The Philosophy and Politics of (In)Equality

Open—Fall
This course is part of the Intensive Semester in Yonkers program and is no longer open for interviews and registration. Interviews for the program take place in the previous spring semester.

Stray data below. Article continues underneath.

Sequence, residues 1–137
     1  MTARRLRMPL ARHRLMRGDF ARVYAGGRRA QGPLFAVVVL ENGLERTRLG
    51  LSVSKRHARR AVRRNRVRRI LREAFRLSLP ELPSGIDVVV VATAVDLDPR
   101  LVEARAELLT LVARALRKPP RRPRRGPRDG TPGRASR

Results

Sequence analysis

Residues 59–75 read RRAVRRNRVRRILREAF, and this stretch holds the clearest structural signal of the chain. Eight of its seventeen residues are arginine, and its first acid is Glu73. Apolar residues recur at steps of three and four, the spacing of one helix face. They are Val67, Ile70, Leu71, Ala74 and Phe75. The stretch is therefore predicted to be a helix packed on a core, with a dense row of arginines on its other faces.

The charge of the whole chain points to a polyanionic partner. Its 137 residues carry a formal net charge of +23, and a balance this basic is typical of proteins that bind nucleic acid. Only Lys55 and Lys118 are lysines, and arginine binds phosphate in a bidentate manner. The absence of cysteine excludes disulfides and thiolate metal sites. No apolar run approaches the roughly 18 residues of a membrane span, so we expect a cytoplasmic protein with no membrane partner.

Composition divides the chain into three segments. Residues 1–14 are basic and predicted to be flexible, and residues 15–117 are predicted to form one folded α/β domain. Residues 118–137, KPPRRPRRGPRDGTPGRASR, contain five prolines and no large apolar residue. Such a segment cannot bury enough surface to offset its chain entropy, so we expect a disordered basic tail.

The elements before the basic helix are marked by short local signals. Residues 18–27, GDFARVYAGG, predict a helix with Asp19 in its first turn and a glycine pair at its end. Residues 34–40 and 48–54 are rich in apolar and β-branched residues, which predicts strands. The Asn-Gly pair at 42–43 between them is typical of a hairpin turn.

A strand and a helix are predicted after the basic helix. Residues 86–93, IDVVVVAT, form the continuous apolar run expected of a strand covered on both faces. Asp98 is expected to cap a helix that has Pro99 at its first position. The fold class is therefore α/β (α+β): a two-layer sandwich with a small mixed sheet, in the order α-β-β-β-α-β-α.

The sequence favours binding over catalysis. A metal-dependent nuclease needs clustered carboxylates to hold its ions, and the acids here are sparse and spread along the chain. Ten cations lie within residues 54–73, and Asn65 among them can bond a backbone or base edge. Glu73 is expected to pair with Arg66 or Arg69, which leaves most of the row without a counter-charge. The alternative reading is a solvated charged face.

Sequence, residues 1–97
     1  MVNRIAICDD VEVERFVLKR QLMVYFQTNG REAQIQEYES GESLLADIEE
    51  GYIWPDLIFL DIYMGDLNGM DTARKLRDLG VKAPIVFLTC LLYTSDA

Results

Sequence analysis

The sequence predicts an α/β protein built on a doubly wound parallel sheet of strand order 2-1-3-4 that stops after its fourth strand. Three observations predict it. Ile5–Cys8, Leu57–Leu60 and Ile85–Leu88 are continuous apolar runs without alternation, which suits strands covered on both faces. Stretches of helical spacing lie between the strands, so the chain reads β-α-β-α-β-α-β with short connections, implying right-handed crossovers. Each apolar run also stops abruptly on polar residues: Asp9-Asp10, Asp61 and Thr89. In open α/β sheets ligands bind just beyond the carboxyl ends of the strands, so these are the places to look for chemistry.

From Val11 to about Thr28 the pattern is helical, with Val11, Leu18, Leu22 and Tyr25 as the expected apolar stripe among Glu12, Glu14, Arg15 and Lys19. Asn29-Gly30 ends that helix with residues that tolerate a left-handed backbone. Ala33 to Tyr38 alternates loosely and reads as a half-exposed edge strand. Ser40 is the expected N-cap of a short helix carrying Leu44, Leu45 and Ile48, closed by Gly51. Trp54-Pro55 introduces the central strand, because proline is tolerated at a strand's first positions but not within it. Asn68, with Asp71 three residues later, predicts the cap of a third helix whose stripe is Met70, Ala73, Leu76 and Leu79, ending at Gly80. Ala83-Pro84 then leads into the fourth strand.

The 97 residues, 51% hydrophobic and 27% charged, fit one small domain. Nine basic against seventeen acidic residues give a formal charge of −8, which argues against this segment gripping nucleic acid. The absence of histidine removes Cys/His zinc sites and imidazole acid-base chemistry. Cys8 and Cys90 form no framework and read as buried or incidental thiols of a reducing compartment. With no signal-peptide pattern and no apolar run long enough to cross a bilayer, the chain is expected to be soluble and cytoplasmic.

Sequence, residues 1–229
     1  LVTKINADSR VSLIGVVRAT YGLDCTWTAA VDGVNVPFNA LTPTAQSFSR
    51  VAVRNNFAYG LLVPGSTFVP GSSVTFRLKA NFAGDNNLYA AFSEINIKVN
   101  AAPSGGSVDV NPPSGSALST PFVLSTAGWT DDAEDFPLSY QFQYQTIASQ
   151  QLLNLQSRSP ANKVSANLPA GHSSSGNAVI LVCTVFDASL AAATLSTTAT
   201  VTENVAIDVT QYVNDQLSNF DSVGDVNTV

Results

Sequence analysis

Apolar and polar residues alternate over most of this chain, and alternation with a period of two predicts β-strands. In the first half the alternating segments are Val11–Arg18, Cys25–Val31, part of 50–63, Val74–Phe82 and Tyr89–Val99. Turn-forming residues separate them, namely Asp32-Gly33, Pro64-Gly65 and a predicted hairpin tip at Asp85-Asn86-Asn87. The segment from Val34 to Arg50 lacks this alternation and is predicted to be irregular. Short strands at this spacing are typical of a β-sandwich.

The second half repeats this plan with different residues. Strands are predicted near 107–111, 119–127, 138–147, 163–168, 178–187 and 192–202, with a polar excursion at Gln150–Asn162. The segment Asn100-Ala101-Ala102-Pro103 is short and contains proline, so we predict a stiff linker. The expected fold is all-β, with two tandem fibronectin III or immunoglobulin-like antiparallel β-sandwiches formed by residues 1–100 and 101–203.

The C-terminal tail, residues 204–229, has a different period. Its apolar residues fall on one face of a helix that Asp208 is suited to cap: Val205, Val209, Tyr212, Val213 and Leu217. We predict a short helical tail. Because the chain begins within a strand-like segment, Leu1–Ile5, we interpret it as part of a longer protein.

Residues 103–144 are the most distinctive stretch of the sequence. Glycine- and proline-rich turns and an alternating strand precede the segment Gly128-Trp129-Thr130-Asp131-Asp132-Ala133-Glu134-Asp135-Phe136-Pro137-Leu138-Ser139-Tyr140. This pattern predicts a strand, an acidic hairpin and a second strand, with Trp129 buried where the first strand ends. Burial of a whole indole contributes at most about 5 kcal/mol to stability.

Visiting America in the 1830s, Alexis de Tocqueville famously observed a deep, historically unprecedented form of social equality, one in which every person assumed that they could occupy any station or position of privilege. Over the last 30 years, we have witnessed a movement in the opposite direction: a phenomenal reversal of the “great compression” of income inequality produced by the New Deal political economy and, in its place, a rapid and profound growth in social inequality in America and other “up or out” societies, accompanied by striking declines in social mobility. One aim of this course is to examine the social and political forces that have produced this remarkable and accelerating growth in disparities in social fate. The focus, however, will not be on proximate factors responsible for recent trends but, rather, on the social theory of inequality; i.e., attempts to understand how deeply stratified forms of social order work and what forces and practices stabilize and legitimate the transmission of deep inequalities over time. Topics to be covered include class, race, status, gender, and professional stratification, while methodological perspectives will vary from sociology, anthropology, and economics to history, psychology, and public health. A further striking feature of the political present is the near total absence of effective political or social movements dedicated to redressing extreme concentrations of wealth, shrinking opportunities for social mobility, and the increasing economic vulnerability of large portions of humanity in this society and elsewhere. In exploring this issue, we will shift attention to political philosophy—and, specifically, the subject of distributive justice. We will search for standards of critique of contemporary inequality, standards that might serve social movements or political parties that aim for a return to a less unequal social world.